Larry Allen was an NFL First Team All Pro for six consecutive years from 1996-2001.
He is eligible for the Hall of Fame in 2012, so Jerry needs to get on top of Larry's Ring of Honor induction to avoid another embarrassing episode.
Mark Stepnoski - Center (1989-1994, 1999-2001)
The Cowboys had one of the most dominant offensive lines in the history of the NFL during the 1990's.
They punched open holes for the eventual all-time leading rusher in NFL history, and provided pass protection for future Hall of Fame quarterback, Troy Aikman.
One of those valuable linemen was Cowboys' center Mark Stepnoski. The laid back, long haired loner served two tours with the Cowboys in his 13 year NFL career. He was drafted in 1989 and started 121 games at center for Dallas.
Stepnoski made the Pro Bowl for five straight years from 1992-1996, and he got three Super Bowl rings in his nine seasons with the franchise. He is the best center in the history of the team, and needs to be in the Ring of Honor.
Nate Newton - Guard (1986-1998)
What I can say with some bit of certainty is that Nate Newton was six-foot-three inches tall. His weight, on the other hand, well his weight varied.
Let's just say Nate was a big dude. But don't let Newton's bubbly build, likable personality, and the fact that he has been busted twice with van loads of marijuana distract you from the fact that Nate was an incredible football player.
Nate played 13 seasons with Dallas where he was a Pro Bowler six times. Five consecutive years from 1992 to 1996, and again in '98.
Newton was an NFL First Team All-Pro in '94 and '95, he started 180 games for the Cowboys, and retired with three Super Bowl rings.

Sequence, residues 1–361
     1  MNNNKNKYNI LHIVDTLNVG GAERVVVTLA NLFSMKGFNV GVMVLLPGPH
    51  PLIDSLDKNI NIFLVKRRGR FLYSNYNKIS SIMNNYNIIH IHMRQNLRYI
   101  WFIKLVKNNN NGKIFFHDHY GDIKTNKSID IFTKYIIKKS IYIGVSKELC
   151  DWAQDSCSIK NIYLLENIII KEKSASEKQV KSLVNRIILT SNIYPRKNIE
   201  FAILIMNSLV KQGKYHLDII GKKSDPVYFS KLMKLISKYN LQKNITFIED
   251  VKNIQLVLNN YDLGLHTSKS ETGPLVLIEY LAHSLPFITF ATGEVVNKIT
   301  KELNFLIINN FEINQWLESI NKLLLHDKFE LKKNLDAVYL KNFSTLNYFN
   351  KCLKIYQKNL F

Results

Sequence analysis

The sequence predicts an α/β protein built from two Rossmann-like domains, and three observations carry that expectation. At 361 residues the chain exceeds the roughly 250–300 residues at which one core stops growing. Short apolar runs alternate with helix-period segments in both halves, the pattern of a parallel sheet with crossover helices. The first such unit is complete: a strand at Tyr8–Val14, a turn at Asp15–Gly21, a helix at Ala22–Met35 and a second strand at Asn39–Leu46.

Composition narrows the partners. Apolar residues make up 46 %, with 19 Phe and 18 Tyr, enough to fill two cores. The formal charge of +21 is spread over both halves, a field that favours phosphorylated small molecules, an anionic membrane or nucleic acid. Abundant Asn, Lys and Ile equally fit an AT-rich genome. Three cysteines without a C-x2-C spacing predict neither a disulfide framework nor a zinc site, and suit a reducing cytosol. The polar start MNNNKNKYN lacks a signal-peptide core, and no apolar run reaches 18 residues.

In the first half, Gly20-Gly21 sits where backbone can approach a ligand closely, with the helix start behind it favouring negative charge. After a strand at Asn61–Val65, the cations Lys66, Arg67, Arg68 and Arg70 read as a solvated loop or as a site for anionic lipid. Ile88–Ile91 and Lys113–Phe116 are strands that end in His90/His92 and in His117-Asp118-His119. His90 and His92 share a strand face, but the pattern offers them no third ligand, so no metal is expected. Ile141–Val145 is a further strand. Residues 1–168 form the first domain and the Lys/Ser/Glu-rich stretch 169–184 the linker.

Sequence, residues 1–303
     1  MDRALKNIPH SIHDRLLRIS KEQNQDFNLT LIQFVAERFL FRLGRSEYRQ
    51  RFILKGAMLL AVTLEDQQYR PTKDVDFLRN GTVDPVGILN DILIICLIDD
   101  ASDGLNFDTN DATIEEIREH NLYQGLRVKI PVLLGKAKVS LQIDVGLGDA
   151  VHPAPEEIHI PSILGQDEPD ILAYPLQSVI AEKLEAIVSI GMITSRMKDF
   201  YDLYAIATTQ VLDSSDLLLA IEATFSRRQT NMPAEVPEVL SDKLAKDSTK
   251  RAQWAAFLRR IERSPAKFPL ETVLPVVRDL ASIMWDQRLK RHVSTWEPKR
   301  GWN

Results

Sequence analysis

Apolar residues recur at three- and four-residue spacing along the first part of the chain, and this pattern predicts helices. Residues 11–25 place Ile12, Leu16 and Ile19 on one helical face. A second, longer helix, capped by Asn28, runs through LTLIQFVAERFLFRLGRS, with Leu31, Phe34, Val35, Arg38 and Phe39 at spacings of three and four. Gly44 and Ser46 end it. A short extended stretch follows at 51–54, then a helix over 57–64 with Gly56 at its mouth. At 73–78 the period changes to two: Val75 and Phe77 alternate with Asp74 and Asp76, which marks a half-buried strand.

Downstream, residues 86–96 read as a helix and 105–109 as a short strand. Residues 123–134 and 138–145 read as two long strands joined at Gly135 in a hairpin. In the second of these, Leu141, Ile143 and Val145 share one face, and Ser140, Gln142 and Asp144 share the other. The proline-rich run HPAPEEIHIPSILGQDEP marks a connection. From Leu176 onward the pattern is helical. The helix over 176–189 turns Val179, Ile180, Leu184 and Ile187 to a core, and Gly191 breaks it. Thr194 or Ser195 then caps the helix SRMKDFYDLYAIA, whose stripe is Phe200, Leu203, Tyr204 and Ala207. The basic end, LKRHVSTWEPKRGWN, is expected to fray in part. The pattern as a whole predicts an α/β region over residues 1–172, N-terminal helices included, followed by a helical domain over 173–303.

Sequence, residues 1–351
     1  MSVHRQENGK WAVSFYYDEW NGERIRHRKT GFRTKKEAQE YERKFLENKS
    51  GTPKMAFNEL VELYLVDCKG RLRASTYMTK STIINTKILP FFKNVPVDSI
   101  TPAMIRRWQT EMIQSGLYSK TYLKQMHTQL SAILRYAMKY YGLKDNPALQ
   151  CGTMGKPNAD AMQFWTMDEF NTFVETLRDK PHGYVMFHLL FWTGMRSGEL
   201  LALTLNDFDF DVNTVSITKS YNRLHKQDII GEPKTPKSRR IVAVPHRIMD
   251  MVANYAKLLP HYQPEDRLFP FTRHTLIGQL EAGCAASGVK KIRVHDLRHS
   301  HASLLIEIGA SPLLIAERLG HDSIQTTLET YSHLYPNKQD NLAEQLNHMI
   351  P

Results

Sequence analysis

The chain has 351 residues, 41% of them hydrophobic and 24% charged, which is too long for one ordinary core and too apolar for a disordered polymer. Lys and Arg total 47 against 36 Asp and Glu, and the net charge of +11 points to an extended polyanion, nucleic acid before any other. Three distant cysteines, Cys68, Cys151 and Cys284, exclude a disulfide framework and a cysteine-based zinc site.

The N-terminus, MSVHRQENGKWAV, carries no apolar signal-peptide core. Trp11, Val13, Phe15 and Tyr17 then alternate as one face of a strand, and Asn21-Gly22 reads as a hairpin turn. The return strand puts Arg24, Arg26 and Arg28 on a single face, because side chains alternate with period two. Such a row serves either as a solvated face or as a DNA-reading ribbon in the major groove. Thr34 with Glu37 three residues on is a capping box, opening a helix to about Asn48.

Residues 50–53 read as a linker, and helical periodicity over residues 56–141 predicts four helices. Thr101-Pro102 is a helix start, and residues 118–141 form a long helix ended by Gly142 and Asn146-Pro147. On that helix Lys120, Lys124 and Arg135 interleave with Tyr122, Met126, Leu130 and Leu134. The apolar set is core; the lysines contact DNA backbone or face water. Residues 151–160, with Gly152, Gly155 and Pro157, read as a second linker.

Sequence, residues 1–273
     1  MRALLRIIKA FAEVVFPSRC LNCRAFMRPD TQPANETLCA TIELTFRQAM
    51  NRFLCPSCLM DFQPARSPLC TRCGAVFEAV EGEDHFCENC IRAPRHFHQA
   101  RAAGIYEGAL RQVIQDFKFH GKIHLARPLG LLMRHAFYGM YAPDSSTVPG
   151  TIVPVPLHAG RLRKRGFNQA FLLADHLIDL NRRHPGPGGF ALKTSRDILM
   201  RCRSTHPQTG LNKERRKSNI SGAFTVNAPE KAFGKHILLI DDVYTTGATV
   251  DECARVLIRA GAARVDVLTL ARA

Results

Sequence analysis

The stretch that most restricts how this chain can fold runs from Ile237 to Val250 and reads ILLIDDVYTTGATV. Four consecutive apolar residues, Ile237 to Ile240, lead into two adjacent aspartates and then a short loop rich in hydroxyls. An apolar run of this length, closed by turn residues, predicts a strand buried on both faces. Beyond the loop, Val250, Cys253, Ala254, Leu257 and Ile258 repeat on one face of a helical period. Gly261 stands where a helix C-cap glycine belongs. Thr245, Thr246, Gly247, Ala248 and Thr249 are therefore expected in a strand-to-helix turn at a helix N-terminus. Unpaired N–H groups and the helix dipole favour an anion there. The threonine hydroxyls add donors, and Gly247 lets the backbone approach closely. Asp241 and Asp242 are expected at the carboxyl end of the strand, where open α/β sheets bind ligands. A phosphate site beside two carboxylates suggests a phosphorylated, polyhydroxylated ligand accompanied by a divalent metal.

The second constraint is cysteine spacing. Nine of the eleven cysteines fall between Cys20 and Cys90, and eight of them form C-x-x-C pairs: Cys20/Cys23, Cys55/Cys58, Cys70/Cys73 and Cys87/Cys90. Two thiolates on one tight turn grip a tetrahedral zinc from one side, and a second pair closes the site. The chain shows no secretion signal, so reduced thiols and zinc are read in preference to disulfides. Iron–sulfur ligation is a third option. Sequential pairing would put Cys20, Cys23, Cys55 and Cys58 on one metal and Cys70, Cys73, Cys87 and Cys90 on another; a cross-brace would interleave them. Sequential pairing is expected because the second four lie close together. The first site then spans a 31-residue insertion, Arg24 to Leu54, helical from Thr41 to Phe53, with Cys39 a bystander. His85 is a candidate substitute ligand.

The always comical Newton is still a fixture in the Dallas area by playing part in a local radio show. He was the reason God gave John Madden a telistrator, and is a fan favorite to this day.
Put this man in the ring of honor...And do it with a buy one get one free wing and beer promotion!
Erik Williams - Offensive Tackle (1991-2000)
Erik Williams was a brutal and violent offensive tackle. He made a career of flat out mauling defensive linemen into submission.
The 6'6", 324 pounder's random club shot to a defensive lineman's face or head was the reason I focused in on Erik more than your average tackle.
As it seems to do with so many Cowboys, the NFL made an "Erik Williams Rule" which outlawed illegal hands to the face was implemented because of the Dallas lineman's tactic.
Despite this, and a career threatening car accident that cost him his 1994 season, Williams appeared in four Pro Bowls and was an NFL First Team All-Pro in 1993 and 1996.
Williams started 133 games over ten seasons all spent with the Cowboys. He played on all three Super Bowl teams in the 1990's, and retired with three rings.
Williams retired from the NFL in 2000 and became Hall eligible in 2005.
It seems the he could take a giant step towards Canton with an induction into the Ring of Honor during a nationally televised Cowboy game in the new stadium.
Deion Sanders - Cornerback (1995-1999)
Another Cowboy lacking in years spent with the franchise while leaving a permanent mark on the team is Deion Sanders.
Deion was recruited by the Cowboys to do one thing. Help them get to, and win, a third Super Bowl in four years. "Primetime" was paid big bucks by Jerry Jones and was expected to deliver.
And deliver is just what Deion did.
In his first season with the Cowboys Deion helped his new team beat his old team (The 49ers), on their way to Super Bowl XXX.
In his five years as a Dallas Cowboy, Deion was a Pro Bowler four times, an NFL First Team All-Pro three times, and hands down the best lockdown corner of his time.
Sanders had 14 interceptions, two of which he returned for touchdowns, along with four TD's on punt returns in his Dallas days. Primetime also put in some overtime for the Cowboys in 1996 snagging 36 balls for 475 yards and a touchdown.
I know it was short lived, but Deion Sanders' Cowboy career was pure greatness. He was with a doubt one of the best athletes to ever wear a star on his helmet.
"Primrtime" contributed so much in such a small amount of time, and remains a die-hard Cowboy fan to this day. He is still part of, and loved by the Dallas metroplex, and belongs in our new Ring of Honor.